Aliens Find Each Other and Make a Home in Jonny Sun's First Novel
June 21, 2017
This article will contain spoilers. If you don’t want to read any spoilers, I’ll quickly just say this: I’ve read this book six times now. The first time being the second I received it in the mail because I couldn’t wait to see what Jonny had created. All the subsequent times have been because it is a book that is tailor-made for those of us with anxiety or other mental health issues who feel like an outcast to society. It has made me cry every time I’ve finished it. It brings the sadness in you to the forefront of your mind, and then passionately hugs your brain, ensuring you that you will be fine and encourages you to forge ahead. Go read it. Now, onto the actual review...
Jonny Sun has been a busy alien. I’ve been following his Twitter for the last four years and I can honestly say that it’s been fascinating to watch how Jonny’s use of a social media platform has earned him everything from an ever growing audience, connections with celebrities, to, most importantly, the opportunity to create the art that is constantly trying to escape from his brain. In addition to being an artist, Jonny is also a designer, architect, engineer, doctoral student at MIT, and a Berkman Klein fellow at Harvard - He’s also been passionately pursuing comedy on Twitter, writing plays that have been performed at the Yale School of Drama, Theater Lab, and Hart House Theater, and finally, on top of all that, he wrote his first novel, titled “everyone’s a aliebn when ur a aliebn too - a book”.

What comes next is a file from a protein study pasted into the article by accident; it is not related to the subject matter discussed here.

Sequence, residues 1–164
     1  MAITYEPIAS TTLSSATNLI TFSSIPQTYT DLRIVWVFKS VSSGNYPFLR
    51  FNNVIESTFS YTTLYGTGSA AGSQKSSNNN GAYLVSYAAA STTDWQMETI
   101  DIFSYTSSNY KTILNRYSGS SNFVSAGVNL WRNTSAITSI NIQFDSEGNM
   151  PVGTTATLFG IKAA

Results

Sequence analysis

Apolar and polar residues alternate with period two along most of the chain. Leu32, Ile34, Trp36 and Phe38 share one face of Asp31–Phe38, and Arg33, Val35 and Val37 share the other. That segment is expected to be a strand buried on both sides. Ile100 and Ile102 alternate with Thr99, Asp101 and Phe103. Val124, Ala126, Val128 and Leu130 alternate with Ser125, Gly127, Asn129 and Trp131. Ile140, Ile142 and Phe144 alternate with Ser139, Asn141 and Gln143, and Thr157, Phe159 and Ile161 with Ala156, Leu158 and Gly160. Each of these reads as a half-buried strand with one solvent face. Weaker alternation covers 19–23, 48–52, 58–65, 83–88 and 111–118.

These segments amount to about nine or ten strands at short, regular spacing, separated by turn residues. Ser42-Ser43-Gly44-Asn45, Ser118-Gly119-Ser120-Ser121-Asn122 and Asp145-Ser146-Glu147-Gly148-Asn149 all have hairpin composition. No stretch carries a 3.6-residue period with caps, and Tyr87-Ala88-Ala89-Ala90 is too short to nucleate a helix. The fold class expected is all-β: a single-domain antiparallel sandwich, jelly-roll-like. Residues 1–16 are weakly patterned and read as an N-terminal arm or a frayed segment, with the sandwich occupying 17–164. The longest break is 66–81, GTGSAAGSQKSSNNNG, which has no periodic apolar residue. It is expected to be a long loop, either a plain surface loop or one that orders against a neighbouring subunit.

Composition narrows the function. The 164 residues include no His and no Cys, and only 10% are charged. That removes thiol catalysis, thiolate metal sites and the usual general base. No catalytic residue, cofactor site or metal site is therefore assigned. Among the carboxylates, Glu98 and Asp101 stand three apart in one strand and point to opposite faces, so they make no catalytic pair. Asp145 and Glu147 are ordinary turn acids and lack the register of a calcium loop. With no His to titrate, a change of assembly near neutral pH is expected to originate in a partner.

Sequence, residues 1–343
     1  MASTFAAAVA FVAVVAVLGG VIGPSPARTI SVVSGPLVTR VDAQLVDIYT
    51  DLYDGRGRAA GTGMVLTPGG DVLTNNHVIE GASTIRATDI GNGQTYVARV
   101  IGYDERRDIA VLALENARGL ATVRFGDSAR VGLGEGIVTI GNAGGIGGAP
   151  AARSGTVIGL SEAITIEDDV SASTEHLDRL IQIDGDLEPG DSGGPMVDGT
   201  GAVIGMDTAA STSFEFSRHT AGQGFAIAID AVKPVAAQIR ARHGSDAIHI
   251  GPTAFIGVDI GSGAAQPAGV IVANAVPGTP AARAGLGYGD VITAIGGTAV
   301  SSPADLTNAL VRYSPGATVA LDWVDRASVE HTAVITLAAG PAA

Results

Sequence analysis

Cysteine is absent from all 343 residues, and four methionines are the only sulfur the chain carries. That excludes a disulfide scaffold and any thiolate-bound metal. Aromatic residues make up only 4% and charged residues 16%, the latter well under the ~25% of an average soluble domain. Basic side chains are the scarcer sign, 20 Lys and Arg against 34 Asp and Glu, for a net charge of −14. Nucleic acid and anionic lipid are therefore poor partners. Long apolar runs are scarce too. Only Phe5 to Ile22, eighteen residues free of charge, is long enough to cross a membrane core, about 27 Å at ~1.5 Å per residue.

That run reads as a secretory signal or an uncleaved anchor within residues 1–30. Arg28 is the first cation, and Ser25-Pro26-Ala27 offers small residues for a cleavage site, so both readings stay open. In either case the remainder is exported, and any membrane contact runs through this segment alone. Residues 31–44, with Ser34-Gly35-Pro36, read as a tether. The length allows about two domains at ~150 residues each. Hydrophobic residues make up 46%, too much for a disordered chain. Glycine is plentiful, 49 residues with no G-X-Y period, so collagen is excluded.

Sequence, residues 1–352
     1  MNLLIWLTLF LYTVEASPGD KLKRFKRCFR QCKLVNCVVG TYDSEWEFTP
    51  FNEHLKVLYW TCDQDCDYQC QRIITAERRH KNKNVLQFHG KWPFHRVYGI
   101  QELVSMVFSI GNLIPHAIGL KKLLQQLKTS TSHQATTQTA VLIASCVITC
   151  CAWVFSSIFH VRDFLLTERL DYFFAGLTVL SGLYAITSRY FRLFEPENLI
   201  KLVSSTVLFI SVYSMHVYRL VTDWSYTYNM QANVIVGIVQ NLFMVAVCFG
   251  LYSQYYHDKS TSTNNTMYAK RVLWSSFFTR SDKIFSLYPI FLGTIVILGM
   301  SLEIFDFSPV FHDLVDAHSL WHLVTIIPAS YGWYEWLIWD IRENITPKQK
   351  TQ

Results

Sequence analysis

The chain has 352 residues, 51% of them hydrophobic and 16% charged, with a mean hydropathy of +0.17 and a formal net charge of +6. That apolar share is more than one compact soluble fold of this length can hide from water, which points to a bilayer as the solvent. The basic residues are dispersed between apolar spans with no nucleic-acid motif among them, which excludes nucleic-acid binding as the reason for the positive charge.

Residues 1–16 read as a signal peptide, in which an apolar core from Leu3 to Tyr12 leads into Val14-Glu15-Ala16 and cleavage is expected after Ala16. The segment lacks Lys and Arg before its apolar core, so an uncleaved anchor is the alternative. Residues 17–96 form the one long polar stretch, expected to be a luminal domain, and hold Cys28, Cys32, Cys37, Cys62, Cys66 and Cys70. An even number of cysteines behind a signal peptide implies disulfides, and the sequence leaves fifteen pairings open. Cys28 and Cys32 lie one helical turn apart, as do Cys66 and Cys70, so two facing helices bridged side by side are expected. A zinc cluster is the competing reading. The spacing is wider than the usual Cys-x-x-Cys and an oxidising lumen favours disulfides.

Yes, that is the correct spelling and punctuation for the book (Or is it a graphic novel? Jonny Sun describes it in a press release as “a picture book the size of a novel”). If you aren’t familiar with Jonny’s Twitter presence, @jonnysun, here’s a quick rundown - He created a cartoonish caricature of himself named Jomny Sun. Jomny is an alien (or aliebn) who is confused about human language and interaction. This disconnect yields hilarious and occasionally touching thoughts that they share via their Twitter feed.
The character Jomny is also the main character of the book. They are an alien who has been assigned by their home planet to go to Earth and study the creatures known as humans. Jomny doesn’t find any humans. Instead, they find a large variety of other creatures and mistakes them all for being human. The supporting characters include the following:
• An egg that doesn’t know what it wants to be when it hatches and is in the middle of an existential crisis because of it.
• A bear that only wants to give love but can never give it because everyone is terrified of them.
• A tree that wants to leave, but can’t.
• An otter that is an auteur.
• Nothingness. (Yes, the all-encompassing void of nothingness is a character in this book. They are saddened by the fact that the other characters do not enjoy spending time with them and start to question their own existence).
• An introverted hedgehog that wants to be an artist, but is too insecure to ever actually create anything.
Jonny uses a minimalist, black-and-white, cartoonish imagery to show us these characters and what they have to say. The style and recurring themes reminds me of the drawings that would pop up occasionally in the novels of Kurt Vonnegut. In fact, the whole project has a very Vonnegut feel to it, frequently dipping into cosmically dark humor (like when Jomny points at a skeleton lying on the ground and shouts, “You used to be a baby!” with a smile on their face). Jonny uses the writing style he developed through Twitter to deliver razor sharp, quick-witted dialogue (rarely longer than a sentence or two per page) that is at times strikingly funny and other times poignant and mournful. It is most astonishing when he is able to combine both of those vibes on a two-page-spread.